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Nothing quite like instant gratification I suppose. Of course you get what you pay for.
I read a lot of SciFi. Actually I read pretty much only SciFi and books that I hope might teach me how to build better systems. Anyway, I read this story once. In it kids would be educated at home by computers and, at some point, they would take a test. The outcome of this test told the kid what they were best suited for. And, in the story, this test was infallible. If the test said you would be best as a garbage man, you would not only be a great garbage man, you would enjoy being a great garbage man.
So in the story there are two boys, friends, and they wish and hope and pray that the test tells them they will be widget fixers (I forget what the widget was). These, of course, were the coolest widgets in the world so working on them is seriously attractive to these guys. They do everything they can to influence the test, reading up on the subject, and various ridiculous things kids do to control something they can't control. Like hanging by your arms so you become taller.
The day of the test arrives and, no surprise, one kid gets what he wanted (widget fixer) and the other one doesn't. In fact the one that doesn't discovers the test says he's really no suited for anything at all. Suffice to say that the first kid, the widget fixer, goes on to be a great widget fixer after having a 10 minute or so bout with RNA shots or something. Until the next model comes along and he discovers he's not changed. Turns out the kid who wasn't suited for anything invented the new and better model.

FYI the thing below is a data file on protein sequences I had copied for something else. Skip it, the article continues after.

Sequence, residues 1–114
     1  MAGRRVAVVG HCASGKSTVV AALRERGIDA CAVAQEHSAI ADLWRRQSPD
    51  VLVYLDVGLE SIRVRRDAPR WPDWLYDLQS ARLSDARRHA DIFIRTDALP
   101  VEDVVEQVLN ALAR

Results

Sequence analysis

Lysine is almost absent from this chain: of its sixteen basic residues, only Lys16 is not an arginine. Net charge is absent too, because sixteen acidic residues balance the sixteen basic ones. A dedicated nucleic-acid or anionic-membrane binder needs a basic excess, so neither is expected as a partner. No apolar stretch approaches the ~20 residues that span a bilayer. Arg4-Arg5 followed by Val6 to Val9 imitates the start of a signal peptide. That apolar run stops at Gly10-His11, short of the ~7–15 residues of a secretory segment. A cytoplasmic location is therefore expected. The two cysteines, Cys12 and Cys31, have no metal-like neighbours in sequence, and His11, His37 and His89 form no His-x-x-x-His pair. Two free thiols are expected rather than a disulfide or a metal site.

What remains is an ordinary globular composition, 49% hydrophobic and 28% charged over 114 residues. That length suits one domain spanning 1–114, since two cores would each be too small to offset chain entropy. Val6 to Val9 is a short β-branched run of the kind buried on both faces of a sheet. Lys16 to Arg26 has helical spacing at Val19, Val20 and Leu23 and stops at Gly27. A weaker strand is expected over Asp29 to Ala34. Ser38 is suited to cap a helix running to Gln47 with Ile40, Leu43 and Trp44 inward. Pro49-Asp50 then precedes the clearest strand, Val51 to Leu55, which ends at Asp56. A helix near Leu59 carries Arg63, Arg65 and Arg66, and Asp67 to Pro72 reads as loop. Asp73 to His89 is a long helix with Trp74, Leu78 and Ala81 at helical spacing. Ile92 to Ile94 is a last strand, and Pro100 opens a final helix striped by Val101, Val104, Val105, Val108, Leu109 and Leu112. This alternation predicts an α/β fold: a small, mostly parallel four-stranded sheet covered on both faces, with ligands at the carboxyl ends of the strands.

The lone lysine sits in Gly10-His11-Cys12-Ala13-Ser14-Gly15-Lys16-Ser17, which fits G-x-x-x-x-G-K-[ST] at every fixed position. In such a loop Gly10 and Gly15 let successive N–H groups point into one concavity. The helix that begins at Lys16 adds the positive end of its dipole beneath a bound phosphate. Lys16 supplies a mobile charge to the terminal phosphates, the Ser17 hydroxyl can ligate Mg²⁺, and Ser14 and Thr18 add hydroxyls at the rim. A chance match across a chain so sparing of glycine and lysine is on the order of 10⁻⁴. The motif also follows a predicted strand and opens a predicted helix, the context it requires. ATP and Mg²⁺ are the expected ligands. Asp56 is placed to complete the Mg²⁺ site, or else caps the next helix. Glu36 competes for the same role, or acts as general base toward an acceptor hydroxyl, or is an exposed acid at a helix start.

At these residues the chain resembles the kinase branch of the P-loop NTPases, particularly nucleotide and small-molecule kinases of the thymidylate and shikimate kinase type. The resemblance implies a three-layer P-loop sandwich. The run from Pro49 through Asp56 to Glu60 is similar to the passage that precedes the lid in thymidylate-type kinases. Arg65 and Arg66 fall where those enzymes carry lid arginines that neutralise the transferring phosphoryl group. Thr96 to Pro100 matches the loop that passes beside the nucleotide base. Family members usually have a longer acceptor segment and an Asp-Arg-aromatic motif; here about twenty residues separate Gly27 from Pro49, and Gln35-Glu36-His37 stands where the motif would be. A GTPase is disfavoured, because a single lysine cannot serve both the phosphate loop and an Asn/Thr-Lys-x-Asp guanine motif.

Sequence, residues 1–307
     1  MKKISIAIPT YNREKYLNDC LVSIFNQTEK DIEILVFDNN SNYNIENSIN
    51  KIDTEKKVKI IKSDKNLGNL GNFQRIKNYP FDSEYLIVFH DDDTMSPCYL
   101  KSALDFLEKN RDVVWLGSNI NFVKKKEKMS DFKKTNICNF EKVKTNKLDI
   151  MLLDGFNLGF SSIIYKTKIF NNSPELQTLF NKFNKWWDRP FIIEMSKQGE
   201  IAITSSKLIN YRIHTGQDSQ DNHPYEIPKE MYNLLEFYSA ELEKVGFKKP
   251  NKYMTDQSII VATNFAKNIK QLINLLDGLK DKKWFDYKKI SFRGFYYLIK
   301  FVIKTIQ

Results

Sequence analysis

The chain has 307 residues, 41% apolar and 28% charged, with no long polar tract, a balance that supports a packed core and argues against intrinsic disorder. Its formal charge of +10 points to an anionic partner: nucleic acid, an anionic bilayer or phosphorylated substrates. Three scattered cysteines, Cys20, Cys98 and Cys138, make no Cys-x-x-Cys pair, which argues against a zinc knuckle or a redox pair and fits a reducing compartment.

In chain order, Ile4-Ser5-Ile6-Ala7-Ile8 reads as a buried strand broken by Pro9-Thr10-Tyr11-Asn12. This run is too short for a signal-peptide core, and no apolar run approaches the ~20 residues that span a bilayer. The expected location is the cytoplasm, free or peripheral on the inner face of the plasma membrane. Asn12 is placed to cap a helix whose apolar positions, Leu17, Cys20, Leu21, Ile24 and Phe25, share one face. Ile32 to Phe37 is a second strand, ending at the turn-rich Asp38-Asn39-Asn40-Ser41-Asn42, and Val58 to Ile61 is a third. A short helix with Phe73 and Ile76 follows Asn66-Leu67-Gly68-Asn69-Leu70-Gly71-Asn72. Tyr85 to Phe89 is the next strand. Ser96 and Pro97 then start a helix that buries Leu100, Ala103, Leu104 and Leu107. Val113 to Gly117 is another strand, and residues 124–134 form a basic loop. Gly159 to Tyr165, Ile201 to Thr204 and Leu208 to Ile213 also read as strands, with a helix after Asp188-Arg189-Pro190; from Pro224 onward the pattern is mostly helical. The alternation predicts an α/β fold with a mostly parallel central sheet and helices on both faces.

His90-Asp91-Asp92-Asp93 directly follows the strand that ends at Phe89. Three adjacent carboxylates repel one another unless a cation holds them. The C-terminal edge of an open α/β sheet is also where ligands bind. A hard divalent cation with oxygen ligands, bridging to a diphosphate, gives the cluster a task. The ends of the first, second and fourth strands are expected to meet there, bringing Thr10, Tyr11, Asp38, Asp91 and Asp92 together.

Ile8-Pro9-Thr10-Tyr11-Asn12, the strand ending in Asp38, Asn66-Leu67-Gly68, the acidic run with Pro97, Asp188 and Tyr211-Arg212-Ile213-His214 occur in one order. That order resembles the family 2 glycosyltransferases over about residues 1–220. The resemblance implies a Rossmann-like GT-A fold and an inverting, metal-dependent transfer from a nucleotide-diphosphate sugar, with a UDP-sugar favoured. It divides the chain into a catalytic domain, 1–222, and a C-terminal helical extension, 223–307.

I'm waiting for some moderately long running tests to complete and I'm surfing, as you do, and I come across this piece of brilliance. Wonderful. If something can't be made to deliver satisfaction in 10 minutes it's pointless. Your software better appeal to the point-and-click set or it won't be adopted and, from the tone I gather doesn't deserve to be either.
Someone, in comments, mentions that the simple things should be simple and the hard things possible. If you've ever actually built something designed to stay up for much more than a week, to do so without a cadre of admins, something that knows enough to know that the world changes and can somewhat adapt, then guess what? That's hard. And Jini makes it possible. But this isn't really about Jini, it's about something much larger. This entry opened my eyes to the apparent fact that there are technology consumers at many levels. Those who require satisfaction in the requisite 10 minutes will, perhaps, end up building yet another RSS feed reader or something equally well defined. It'll probably be nice and have some slightly cool feature that seems useful at the moment. But the 10 minute crowd (hmm, the MTV crowd?) won't be inventing anything new. None of this group will invent a Java, or substantially do much of anything to change the technology landscape. And I suppose that's fine. As that guy in Caddy Shack said, "How about a Fresca?". No, that's not it. Ah, "The world needs ditch diggers too"
I hope the world is not overly influenced by the 10 minute crowd. I hope that having a blog is not all that's needed to be taken seriously. I hope I can recognize these sorts before they start making far reaching design decisions in systems I work on.
10 minutes. Brilliant.
|Rick Kitts has been making a living writing software for a little while. He's started a company or two, worked at bigger companies, but mostly at startups. Constantly on the look out for things to help him build better systems he's a bit of a tool and process slut, though he can't bring himself to try C# or get serious about UML. Go figure. He's convinced being invited to have a weblog on Artima is the result of some glitch in the matrix. He's keeping quiet about it though.|